Backburner

Backburner
Photo: Graur Codrin (click photo to link)

Thursday, May 10, 2007

Parenting for Incivility

(Names and place names have been abbreviated to maintain some anonymity.)

Doesn't rudeness count for anything? No wonder there's a problem with bullying....K


S.'s father K. S. said his son did nothing wrong.

"There's no shame in expressing yourself,'' said K. S., who attended the meeting along with B. S.'s mother. "Unless (not criticizing administrators) is in the code of conduct, then there's no reason to quash the freedom of expression.''


Online comments roil officials
May 08, 2007
BY M.B.
A. News Staff Reporter

Editor's note: This story contains a term that may offend some readers. The News does not print profanity unless it is important for the understanding of the story.

S. High School Senior B. S. thought the disparaging comments he posted on Facebook.com about the school district superintendent would only be seen by other members of his network on the Web site.

S., 18, was surprised when he was called to the superintendent's office with his parents for what he described as a scolding.

B. G. the S. superintendent, found out about the group - called "new superintendent = bitch'' - and other sites she said contained "inappropriate language.'' She held meetings with families, including the one with S. and his parents.

G. said the aim of the meetings was to address the "limited understanding'' that parents and young people have about the dangers of Internet postings.

"A lot of things were said about people, including me, that were hurtful, ignorant,'' said G., who declined to say how many students were involved in meetings. "I paused and thought, 'What is my responsibility?' These are our students.''

S.'s father K. S. said his son did nothing wrong.

"There's no shame in expressing yourself,'' said K. S., who attended the meeting along with B.S.'s mother. "Unless (not criticizing administrators) is in the code of conduct, then there's no reason to quash the freedom of expression.''

G. said that young people and their parents do not realize the nuances of Internet safety, particularly with regard to Web sites such as MySpace and Facebook, two social networks. To raise awareness, the district has scheduled two community meetings for Wednesday, one in the morning and one at night.

On Facebook, members have personal profiles and can belong to groups which also maintain profiles. Group members can post comments, such as opinions and event information, on a group's profile.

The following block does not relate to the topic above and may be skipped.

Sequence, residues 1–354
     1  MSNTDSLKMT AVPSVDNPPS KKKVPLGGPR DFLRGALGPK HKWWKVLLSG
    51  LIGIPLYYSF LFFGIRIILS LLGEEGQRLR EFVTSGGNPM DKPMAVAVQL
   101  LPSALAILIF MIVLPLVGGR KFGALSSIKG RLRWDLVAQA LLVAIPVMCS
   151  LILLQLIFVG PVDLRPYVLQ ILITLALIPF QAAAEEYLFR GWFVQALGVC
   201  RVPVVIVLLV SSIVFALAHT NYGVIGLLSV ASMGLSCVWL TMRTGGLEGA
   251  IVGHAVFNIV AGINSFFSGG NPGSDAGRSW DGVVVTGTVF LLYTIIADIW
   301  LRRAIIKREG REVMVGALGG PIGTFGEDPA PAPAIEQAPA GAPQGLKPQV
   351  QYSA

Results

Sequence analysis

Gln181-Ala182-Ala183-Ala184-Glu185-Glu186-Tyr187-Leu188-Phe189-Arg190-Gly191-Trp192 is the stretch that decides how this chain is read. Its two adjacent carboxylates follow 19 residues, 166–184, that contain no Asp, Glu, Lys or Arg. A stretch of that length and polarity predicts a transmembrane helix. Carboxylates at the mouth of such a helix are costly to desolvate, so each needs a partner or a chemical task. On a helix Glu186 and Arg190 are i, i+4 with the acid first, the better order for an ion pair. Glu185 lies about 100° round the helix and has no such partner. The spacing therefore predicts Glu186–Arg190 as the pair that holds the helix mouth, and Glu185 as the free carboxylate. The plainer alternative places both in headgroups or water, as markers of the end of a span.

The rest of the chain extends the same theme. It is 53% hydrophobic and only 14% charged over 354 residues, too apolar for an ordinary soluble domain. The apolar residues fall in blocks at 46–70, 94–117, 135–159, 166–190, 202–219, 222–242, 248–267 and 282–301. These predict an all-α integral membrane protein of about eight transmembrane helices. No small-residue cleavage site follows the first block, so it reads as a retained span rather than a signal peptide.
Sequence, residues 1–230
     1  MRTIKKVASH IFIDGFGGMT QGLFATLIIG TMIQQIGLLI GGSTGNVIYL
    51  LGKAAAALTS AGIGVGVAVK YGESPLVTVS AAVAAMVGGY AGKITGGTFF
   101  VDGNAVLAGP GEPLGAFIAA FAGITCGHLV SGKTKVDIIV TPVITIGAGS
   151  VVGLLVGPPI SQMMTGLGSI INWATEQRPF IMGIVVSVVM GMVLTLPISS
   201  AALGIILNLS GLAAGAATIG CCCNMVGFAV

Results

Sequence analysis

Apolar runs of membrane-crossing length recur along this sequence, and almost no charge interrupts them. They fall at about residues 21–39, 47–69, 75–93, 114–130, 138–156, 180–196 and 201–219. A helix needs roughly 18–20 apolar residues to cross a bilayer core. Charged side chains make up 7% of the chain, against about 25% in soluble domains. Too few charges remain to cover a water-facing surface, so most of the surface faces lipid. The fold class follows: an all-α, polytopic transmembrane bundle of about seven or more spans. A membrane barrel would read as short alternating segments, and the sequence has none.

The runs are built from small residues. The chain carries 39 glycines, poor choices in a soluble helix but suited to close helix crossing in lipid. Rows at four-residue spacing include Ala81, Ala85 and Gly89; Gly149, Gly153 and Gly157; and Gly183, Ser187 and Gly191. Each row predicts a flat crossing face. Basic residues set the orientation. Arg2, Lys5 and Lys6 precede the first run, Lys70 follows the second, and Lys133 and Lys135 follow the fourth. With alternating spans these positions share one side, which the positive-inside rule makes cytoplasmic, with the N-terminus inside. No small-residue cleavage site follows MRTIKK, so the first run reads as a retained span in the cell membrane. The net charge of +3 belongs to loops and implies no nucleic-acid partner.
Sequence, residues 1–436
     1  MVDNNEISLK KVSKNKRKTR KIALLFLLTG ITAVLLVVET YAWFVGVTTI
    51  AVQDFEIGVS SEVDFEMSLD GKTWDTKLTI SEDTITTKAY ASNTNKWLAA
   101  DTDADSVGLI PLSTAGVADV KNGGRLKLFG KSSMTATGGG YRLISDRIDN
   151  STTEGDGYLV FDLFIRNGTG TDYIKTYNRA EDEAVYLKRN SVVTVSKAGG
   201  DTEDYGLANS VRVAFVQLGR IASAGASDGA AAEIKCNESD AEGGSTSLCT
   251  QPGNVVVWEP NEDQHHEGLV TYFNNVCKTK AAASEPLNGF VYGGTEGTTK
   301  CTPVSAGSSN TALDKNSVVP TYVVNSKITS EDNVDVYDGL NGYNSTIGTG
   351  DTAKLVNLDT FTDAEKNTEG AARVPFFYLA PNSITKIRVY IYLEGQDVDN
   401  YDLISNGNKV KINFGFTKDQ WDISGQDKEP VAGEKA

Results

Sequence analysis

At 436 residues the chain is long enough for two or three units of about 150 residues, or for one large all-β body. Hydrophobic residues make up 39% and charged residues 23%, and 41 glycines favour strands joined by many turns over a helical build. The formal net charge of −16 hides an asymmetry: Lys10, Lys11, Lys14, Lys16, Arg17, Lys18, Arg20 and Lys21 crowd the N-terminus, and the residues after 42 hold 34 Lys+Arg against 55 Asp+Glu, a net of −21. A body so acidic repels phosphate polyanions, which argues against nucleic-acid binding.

Facebook offers varying security settings and the group in question was only accessible to members of the Saline High School network, B. S. said.

"Everything online is potentially public because someone can get into it, but the idea behind having your group only accessible to the network was kind of that safety net for us,'' he said. "We thought no one outside our network would see it.''

G. said that she does not have a Facebook account and that concerned parents drew her attention to the group, as well as to "a number'' of other Facebook groups and Web sites in the past six weeks or so. G. said some of them contained racial- and gender-biased statements and sexually harassing comments, she said.

In cases where she perceived a threat, G. said she was be obligated to call the police. In other instances, such as S.'s, she notified parents and brought the family in for a meeting.

G. declined to say how many threats she may have passed along to the police, but P. Township Director of Public Safety J. P. said that those found threatening are currently under investigation.

"Kids talk to each other, they think it's the same type of secrecy as going into a room, writing in a diary and locking it in the top drawer,'' P. said.

P. will be among the speakers at the community meetings Wednesday. The seminars were planned for parents and students to shed light on online risks, G. said.

"Young people may unwittingly be opening themselves to consequences they hadn't thought about,'' she said.

Contact M. B. at ----

3 comments:

Dita said...

Yikes. Internet security is quite scary. All of the men fishing for young children and the like and our children born with innocence. Quite scary, yes.

Kathleen K said...

But the point is that the father missed an opportunity to teach his son about the value of civility in this society.

Ann said...

I agree, Kathy.

The superintendent seems to be responding with an appropriately calm, measured, and educational approach.